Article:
Current_Issue.tar.gz - 2010, the Year Linux Skips the Desktop
The phrase “Year of the Desktop” is so cliché, it almost hurts me to write it. I say this year, we strive to move beyond the desktop! Before we get in line for our GNU brain implants, however, let's take this issue to celebrate what we're leaving behind. When you see how cool the Linux desktop is currently, you might have to postpone the soft-tissue kernel module another year or so, and 2010 can be the year Linux is ready for the desktop. Again.
Dave Taylor starts us out with automating Twitter responses. I may not have a brain implant, but my Twitter stream often makes it seem like I do. If you wish your Twitter stream would carry on conversations without you, be sure to read Dave's article this month. If you want to go one step further and control your automated Twitter stream from a coffee shop in the tropics, you'll want to connect back home securely. Mick Bauer shows us all about OpenVPN in his Paranoid Penguin column. VPNs are extremely convenient for remotely administering a network, and as a bonus, the shady guy at table 5 can't sniff your packets.
Speaking of shady guys, Kyle Rankin takes the opposite approach this month. Instead of connecting to a remote server with a VPN, Kyle shows us how to install our own local mail server. He assures me it is not because he cruises around the West Coast wardriving for open Wi-Fi to send spam in bulk, but he also promised me I could really make a lot of money if I set up a deal with a Nigerian prince. So although I don't suggest you use your fresh new e-mail server to spam people, Kyle does show us how a mobile postfix install can be really useful.
Because this is our desktop issue, we really can't count on Kyle for a good representation of what Linux looks like. Anyone who relies on Mutt and Irssi all day wouldn't understand the beauty behind KDE 4. Love it or hate it, KDE 4 has got the glitz. Whether it's the developer interview about the future of KDE from Jos Poortvliet (which, so far, doesn't include brain implants) or the Plasmoid tweak-fest from Riccardo Iaconelli, we tell you all about KDE's present and future. Heck, even your Windows buddies can play along, as Stuart Jarvis shows us. KDE 4 also will run under Microsoft conditions!
Thankfully, the future of Linux is pretty much out of our hands by now. We're all getting older, and really it's the kids who will reap the benefits of the stable legacy we've given them. Dirk Elmendorf demonstrates some of the ways kids can really take advantage of the Linux desktop. So while in our circles we might still be arguing over which is better, Microsoft Office or OpenOffice.org (Bruce Byfield has a comparison for us this month), our kids probably will be wondering why we bothered typing at all. They'll be either thinking text to each other or, at the very least, using a touchscreen instead of those quaint “keyboards” we're so accustomed to. Daniel Bartholomew shows us what that might look like with his review of the Always Innovating Touchbook.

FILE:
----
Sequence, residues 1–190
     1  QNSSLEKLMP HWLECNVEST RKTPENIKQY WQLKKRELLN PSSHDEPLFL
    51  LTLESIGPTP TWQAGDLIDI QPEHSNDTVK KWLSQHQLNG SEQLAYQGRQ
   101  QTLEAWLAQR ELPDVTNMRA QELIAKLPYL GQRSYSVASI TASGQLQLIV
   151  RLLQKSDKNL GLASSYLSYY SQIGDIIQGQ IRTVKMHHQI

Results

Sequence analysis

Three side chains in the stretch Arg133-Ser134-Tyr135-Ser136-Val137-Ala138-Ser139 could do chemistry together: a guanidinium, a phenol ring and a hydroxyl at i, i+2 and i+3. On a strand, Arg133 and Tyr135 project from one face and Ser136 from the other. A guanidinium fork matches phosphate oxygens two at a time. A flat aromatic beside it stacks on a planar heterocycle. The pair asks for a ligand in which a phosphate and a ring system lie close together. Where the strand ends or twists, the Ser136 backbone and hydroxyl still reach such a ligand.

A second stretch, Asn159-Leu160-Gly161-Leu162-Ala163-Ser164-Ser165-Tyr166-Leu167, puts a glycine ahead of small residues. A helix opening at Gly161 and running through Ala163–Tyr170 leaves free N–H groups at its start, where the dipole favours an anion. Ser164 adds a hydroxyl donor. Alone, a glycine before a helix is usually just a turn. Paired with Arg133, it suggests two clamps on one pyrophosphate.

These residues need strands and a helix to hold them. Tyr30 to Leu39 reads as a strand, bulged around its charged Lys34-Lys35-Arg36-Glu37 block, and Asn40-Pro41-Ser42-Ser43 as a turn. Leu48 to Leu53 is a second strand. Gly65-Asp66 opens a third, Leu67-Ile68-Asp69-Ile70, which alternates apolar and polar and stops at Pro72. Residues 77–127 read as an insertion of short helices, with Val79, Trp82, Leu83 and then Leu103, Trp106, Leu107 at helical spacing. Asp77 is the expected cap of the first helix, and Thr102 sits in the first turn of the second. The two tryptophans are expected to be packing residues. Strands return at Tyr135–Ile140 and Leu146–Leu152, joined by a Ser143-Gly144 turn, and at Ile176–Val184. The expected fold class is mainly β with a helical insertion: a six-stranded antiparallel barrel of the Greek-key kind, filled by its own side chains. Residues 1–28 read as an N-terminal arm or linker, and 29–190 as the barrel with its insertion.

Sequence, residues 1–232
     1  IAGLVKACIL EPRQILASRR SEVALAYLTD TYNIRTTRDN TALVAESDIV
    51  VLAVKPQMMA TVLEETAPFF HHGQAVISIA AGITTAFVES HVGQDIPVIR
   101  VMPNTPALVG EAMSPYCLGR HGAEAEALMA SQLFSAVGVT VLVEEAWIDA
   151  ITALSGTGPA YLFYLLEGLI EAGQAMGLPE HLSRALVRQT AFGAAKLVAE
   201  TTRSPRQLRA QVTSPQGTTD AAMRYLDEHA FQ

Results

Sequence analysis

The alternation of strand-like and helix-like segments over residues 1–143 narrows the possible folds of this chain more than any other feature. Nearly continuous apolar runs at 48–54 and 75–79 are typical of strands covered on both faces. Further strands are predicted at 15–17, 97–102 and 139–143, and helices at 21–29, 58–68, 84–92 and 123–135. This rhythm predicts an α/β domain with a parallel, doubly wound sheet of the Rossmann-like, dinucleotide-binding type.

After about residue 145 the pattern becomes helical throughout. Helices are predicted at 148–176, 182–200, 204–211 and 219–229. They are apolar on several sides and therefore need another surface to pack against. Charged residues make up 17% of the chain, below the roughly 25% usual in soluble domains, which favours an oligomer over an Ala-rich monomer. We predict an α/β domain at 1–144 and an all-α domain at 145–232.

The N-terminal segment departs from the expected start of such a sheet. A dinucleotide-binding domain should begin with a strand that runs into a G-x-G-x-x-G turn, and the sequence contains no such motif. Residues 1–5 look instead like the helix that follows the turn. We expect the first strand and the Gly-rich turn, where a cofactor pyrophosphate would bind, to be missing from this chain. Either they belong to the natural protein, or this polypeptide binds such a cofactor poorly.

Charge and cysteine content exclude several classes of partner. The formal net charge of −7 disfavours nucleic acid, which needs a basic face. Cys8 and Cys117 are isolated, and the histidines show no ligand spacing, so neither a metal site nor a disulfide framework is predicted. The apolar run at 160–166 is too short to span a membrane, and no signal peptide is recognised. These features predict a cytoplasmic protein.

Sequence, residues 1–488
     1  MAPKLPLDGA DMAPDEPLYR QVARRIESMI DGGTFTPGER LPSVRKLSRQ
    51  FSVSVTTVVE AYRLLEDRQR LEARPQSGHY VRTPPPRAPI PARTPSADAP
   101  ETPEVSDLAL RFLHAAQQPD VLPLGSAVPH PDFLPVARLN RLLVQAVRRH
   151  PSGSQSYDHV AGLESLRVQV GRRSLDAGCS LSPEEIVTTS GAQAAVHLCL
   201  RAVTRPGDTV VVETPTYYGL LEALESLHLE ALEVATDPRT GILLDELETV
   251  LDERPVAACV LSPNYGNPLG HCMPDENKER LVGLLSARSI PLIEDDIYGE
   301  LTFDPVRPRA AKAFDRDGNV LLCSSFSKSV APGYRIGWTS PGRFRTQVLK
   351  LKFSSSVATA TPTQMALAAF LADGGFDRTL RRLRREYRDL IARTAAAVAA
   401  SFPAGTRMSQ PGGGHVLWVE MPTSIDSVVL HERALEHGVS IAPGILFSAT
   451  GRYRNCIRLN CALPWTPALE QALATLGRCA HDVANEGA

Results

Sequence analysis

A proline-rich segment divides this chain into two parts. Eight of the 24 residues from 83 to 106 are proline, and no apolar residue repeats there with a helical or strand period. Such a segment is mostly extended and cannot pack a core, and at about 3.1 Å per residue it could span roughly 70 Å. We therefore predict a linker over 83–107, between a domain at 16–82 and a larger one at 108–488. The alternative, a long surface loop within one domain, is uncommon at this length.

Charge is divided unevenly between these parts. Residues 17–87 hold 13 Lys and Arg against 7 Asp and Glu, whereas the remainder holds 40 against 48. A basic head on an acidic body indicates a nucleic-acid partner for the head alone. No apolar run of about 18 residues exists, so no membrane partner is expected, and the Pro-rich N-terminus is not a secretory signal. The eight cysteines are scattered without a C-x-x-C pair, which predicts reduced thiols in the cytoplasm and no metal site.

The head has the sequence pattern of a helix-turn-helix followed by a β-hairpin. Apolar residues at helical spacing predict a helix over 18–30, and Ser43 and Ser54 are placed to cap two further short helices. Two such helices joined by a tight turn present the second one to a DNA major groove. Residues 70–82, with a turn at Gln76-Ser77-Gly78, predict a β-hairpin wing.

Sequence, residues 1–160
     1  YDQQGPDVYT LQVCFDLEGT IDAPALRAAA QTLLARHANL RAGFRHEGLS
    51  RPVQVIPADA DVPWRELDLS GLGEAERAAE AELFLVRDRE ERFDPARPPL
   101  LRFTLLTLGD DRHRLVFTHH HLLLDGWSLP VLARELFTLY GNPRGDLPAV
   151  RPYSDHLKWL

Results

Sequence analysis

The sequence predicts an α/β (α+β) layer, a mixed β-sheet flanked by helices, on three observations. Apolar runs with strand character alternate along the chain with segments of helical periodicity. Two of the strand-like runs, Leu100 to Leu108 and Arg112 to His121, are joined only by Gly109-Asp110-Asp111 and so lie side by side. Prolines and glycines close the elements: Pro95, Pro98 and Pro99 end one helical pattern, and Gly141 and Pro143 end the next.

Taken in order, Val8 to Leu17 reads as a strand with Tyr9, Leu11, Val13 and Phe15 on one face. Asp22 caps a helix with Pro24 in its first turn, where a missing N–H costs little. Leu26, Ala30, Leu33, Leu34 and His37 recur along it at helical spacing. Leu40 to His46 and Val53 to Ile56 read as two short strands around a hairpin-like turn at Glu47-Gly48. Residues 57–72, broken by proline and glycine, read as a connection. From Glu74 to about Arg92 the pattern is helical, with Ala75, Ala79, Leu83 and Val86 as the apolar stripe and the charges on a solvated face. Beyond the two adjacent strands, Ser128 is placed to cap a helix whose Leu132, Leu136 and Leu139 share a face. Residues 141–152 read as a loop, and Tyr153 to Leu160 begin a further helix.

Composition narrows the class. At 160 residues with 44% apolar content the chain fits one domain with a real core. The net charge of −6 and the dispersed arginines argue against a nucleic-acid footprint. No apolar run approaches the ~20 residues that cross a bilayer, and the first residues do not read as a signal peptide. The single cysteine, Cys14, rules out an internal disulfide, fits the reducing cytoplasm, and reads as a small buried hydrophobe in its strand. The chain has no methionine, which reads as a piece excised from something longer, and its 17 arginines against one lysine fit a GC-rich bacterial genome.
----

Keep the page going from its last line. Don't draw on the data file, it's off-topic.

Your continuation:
Don't worry if brain implants or KDE Plasmoids aren't your cup of tea. We still have our regular line up of product reviews, tech tips, programming and scripting. So whether you want to ride the Ruby Rails with Reuven Lerner or run remote applications tunneled over the network with Michael J. Hammel, this issue is bound to tickle your fancy in one way or another. We hope you enjoy this “Desktop” issue, and we look forward to next year's neural interface APIs, brain pinout diagrams and how to firewall your frontal cortex. For now, we'll just have to stick with ear buds and really loud music for direct cranial communication.
Shawn Powers is the Associate Editor for Linux Journal. He's also the Gadget Guy for LinuxJournal.com, and he has an interesting collection of vintage Garfield coffee mugs. Don't let his silly hairdo fool you, he's a pretty ordinary guy and can be reached via e-mail at email@example.com. Or, swing by the #linuxjournal IRC channel on Freenode.net.
Practical Task Scheduling Deployment
July 20, 2016 12:00 pm CDT
One of the best things about the UNIX environment (aside from being stable and efficient) is the vast array of software tools available to help you do your job. Traditionally, a UNIX tool does only one thing, but does that one thing very well. For example, grep is very easy to use and can search vast amounts of data quickly. The find tool can find a particular file or files based on all kinds of criteria. It's pretty easy to string these tools together to build even more powerful tools, such as a tool that finds all of the .log files in the /home directory and searches each one for a particular entry. This erector-set mentality allows UNIX system administrators to seem to always have the right tool for the job.
Cron traditionally has been considered another such a tool for job scheduling, but is it enough? This webinar considers that very question. The first part builds on a previous Geek Guide, Beyond Cron, and briefly describes how to know when it might be time to consider upgrading your job scheduling infrastructure. The second part presents an actual planning and implementation framework.
Join Linux Journal's Mike Diehl and Pat Cameron of Help Systems.
Free to Linux Journal readers.Register Now!
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